What is Copyright?

Copyright law within the United States (Titles 17, Sections 101-111 of the United States Code) protects "original works of authorship fixed in any tangible medium of expression, now known or later developed, from which they can be perceived, reproduced, or otherwise communicated, either directly or with the aid of a machine or device."

Examples of works for which copyright applies:

  1. literary works
  2. musical works, including any accompanying words
  3. dramatic works, including any accompanying music
  4. pantomimes and choreographic works
  5. pictorial, graphic, and sculptural works
  6. motion pictures and other audiovisual works
  7. sound recordings and
  8. architectural works.

Copyright does not, however, extend to the following "regardless of the form in which it is described, explained, illustrated, or embodied in such work."

  1. idea
  2. procedure
  3. process
  4. system
  5. method of operation
  6. concept, principle, or
  7. discovery


Source: U.S. Copyright Act as presented in Copyright Law of the United States and Related Laws Contained in Title 17 of the United States Code.  Chapter 1, Section 102, Subject Matter and Scope of Copyright: In General. Retrieved from https://www.copyright.gov/title17/92chap1.html#102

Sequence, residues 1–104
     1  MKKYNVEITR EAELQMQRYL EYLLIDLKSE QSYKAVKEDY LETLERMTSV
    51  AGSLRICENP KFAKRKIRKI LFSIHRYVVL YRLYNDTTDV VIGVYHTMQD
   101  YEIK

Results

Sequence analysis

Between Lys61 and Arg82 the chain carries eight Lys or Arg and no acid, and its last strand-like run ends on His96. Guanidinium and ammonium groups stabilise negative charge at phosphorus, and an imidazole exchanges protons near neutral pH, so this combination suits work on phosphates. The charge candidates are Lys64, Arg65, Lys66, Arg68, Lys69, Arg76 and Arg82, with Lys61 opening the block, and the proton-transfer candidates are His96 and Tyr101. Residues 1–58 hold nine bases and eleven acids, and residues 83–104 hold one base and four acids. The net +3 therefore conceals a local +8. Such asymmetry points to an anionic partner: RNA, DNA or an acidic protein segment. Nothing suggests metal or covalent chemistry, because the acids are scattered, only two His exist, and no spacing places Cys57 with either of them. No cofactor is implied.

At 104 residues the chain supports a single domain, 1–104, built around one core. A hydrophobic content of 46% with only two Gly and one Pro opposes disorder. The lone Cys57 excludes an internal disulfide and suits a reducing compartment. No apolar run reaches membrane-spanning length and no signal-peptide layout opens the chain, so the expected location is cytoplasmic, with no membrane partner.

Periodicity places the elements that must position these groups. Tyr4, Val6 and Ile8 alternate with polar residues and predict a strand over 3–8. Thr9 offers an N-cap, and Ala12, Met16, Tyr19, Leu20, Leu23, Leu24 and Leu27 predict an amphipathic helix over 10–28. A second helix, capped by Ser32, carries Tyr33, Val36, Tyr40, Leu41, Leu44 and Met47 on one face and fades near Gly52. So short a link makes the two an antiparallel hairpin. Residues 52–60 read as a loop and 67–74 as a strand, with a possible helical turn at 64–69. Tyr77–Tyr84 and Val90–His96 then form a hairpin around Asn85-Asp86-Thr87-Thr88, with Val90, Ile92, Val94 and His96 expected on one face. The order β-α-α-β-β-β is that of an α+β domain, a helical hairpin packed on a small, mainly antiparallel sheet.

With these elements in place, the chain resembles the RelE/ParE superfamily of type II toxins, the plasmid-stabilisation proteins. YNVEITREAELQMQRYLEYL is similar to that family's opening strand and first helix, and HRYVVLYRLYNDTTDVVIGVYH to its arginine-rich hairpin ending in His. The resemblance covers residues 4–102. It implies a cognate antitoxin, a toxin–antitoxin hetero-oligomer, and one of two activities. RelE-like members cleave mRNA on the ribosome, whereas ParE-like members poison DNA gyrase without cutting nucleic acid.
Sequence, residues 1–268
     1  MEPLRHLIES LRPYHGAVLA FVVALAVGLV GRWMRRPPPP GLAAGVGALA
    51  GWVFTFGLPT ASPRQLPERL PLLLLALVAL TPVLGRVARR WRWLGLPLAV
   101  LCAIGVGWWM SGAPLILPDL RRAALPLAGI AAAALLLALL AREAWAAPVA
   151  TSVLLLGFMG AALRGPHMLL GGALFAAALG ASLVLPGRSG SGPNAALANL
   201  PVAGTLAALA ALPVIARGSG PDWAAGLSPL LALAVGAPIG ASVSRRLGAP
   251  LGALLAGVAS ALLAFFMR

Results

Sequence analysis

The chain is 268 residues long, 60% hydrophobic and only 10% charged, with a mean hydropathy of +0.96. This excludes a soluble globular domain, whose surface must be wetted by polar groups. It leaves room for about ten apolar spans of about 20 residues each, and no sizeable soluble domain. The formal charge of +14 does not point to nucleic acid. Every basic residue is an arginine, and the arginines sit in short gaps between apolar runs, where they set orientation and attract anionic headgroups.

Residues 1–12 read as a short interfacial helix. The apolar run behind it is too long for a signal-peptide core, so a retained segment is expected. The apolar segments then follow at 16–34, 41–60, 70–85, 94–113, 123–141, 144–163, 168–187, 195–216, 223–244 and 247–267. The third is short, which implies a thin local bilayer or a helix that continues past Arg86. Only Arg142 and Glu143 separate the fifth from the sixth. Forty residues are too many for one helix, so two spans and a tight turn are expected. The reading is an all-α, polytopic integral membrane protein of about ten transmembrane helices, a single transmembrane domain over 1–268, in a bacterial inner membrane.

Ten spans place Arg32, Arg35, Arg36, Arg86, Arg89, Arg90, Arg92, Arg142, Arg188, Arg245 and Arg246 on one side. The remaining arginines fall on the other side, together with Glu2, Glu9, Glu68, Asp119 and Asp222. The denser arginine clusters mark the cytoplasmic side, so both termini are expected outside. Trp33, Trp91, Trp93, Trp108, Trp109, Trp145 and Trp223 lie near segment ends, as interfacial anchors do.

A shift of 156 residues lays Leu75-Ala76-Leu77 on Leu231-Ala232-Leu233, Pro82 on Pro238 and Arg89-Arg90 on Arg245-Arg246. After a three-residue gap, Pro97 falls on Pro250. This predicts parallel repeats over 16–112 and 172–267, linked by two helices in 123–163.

Exclusive Rights of the Copyright Owner

Under section 106 of Title 17, the copyright owner has the has exclusive rights to or authorize or control the following:

  1. Reproduce the copyrighted work
  2. Prepare derivative works based upon the copyrighted work
  3. Distribute copies of the copyrighted work to the public by sale, transfer of ownership, rental, lease, or lending
  4. Perform or display the copyrighted work in public (It should be noted that section 101 of Title 17 defines public as "place open to the public or at any place where a substantial number of persons outside of a normal circle of a family and its social acquaintances is gathered."  This means that a classroom could be considered a public place because it is beyond a social gathering of family and friends.)
  5. Perform the copyrighted work publicly by means of a digital audio transmission (This would include performing or displaying over the internet.)

Section 106A regards the creation of visual art and gives creators the right to claim authorship of a visual work.  In addition, it protects the author against the author being attributed to a work that has been modified by others, including modifications that would impact the integrity of the work or author's reputation.


Source: Sections 106-106A of the U.S. Copyright Act as presented in Copyright Law of the United States and Related Laws Contained in Title 17 of the United States Code.  Chapter 1. Retrieved from https://www.copyright.gov/title17/92chap1.html

Exemptions to a Copyright Owner's Exclusive Rights

Whenever we want to use a copyrighted work in a way that the copyright owner already has the right to, we are infringing on his/her exclusive rights.  In such cases, we should should either get permission from the copyright owner to use the work or see  if there are established exemptions to the copyright owners rights that will allow us to legally use the work (or a portion of the work).  The primary exemptions we can consider are as follows.